Where multiple cars contribute to a crash, a “John Doe” driver that’s not party to a case makes an easy target for a defendant at trial to push blame to, and can be a difficult obstacle when arguing liability as a plaintiff’s attorney. In a trial over the back injuries an Atlanta-area architect claims were caused by the driver that rear-ended him, Mike Goldberg pulls from his own past to drive home the issue of defendant’s responsibility. Reboulet v. Schlosberg.
Mark Schlosberg struck Goldberg’s client, Joseph Reboulet, from behind as Reboulet sat in a line of cars waiting for a vehicle that stopped to turn left. Reboulet claims the crash damaged discs in his cervical spine, forcing him to undergo a spinal fusion and leaving him in persistent pain. However, the defense argued the fault of the crash lay with a car driven by an unknown “John Doe” who illegally stopped to turn left rather than use a designated left turn lane.
Goldberg began his closing statement recounting a childhood memory of how his mother made him not only apologize and return a piece of candy he took from a local store, but work to reimburse the store’s manager for the candy. “I learned a very important lesson, and that is, whenever a wrong is done, two things must happen: Number one, you must accept responsibility for it, unequivocally,” Goldberg said. “And then you have to make it right. Make it right. Both of those things.”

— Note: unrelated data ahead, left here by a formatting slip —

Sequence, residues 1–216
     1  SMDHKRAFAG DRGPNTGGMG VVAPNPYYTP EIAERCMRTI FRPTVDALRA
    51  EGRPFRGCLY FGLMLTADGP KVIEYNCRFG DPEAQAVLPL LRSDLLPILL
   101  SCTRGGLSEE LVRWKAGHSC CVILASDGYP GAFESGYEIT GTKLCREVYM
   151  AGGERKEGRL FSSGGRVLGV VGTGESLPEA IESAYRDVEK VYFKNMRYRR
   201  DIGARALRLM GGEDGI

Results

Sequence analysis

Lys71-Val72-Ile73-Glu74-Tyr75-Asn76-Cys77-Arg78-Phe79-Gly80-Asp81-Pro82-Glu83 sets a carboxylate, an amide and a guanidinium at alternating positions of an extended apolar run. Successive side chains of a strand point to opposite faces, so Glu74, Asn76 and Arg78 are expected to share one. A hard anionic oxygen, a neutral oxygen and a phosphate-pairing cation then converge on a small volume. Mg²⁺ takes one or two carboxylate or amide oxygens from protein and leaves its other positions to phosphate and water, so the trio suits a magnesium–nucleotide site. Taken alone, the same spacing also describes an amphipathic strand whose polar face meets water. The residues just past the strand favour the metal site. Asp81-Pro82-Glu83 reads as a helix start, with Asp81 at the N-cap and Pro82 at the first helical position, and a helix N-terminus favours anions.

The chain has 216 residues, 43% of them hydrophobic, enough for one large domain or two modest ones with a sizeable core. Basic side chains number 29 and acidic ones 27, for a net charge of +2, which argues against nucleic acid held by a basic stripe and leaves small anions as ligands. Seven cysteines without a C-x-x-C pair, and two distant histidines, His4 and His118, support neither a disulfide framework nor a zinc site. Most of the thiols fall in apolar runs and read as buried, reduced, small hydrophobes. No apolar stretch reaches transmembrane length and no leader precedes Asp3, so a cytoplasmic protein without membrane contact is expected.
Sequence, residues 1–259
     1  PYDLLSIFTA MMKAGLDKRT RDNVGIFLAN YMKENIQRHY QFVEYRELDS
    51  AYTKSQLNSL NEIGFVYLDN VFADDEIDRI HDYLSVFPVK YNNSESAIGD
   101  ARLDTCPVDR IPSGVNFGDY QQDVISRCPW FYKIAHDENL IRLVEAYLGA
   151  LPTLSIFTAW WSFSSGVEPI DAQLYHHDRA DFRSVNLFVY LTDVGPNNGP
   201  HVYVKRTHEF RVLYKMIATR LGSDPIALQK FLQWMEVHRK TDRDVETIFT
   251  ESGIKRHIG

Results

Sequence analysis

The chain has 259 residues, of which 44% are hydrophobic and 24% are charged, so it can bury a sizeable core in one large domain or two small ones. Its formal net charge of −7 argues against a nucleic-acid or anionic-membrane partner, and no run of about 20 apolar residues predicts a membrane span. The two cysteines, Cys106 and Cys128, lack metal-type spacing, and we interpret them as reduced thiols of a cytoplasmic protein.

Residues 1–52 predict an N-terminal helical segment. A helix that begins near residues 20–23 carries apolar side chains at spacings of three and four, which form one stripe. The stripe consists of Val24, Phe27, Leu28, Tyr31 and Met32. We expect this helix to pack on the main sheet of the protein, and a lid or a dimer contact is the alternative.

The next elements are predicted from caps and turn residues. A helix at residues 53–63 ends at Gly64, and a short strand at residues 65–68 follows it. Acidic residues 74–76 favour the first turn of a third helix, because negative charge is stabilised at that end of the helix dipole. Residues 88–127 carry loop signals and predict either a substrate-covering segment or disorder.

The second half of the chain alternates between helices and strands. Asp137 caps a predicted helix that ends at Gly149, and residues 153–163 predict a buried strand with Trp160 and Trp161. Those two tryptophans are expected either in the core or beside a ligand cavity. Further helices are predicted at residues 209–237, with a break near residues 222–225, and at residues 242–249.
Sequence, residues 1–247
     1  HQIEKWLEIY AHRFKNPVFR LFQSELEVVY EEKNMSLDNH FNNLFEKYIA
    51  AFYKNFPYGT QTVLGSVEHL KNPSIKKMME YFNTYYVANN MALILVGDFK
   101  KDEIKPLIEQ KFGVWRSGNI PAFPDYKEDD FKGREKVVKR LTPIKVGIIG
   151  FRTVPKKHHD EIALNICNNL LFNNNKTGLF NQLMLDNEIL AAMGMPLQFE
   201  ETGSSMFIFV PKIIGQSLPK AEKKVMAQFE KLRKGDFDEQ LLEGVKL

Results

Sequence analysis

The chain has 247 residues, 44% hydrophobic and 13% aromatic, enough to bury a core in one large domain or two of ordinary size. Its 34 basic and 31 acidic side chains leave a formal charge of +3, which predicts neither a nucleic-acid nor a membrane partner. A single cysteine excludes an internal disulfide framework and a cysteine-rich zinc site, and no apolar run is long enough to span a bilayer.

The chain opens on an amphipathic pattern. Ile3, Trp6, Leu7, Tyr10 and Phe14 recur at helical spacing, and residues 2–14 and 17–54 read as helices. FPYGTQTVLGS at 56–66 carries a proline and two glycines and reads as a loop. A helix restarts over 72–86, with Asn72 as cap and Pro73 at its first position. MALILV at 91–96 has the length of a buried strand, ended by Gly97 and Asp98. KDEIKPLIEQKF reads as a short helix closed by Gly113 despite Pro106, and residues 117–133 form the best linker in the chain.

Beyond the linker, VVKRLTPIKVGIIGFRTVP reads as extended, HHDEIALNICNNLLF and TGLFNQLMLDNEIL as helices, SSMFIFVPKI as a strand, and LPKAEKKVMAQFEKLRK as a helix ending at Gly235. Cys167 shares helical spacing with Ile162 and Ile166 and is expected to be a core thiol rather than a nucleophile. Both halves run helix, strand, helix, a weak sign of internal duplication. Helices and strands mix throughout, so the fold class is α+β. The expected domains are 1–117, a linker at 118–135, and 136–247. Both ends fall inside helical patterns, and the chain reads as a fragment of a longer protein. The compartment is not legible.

Goldberg argued that, despite defense promises in openings that Schlosberg would accept responsibility, the testimony did not back it up. “What we’ve seen, instead, is a defense of complete denial. Deny everything. ‘It’s not my fault, it’s this person’s fault. It’s your own fault. You’re lying. You caused this yourself. Not me.’ It is a win-at-all-costs, destroy people, it does not matter, whatever it takes to win [strategy],” Goldberg said. “The truth is Joe Reboulet did nothing wrong. He is an innocent victim in this. His name’s not on that verdict form,” Goldberg added, before walking jurors through the evidence they’d seen.
It was a powerful closing that led jurors to place 80% of the blame for the collision on Schlosberg and award $813,000 in the case.
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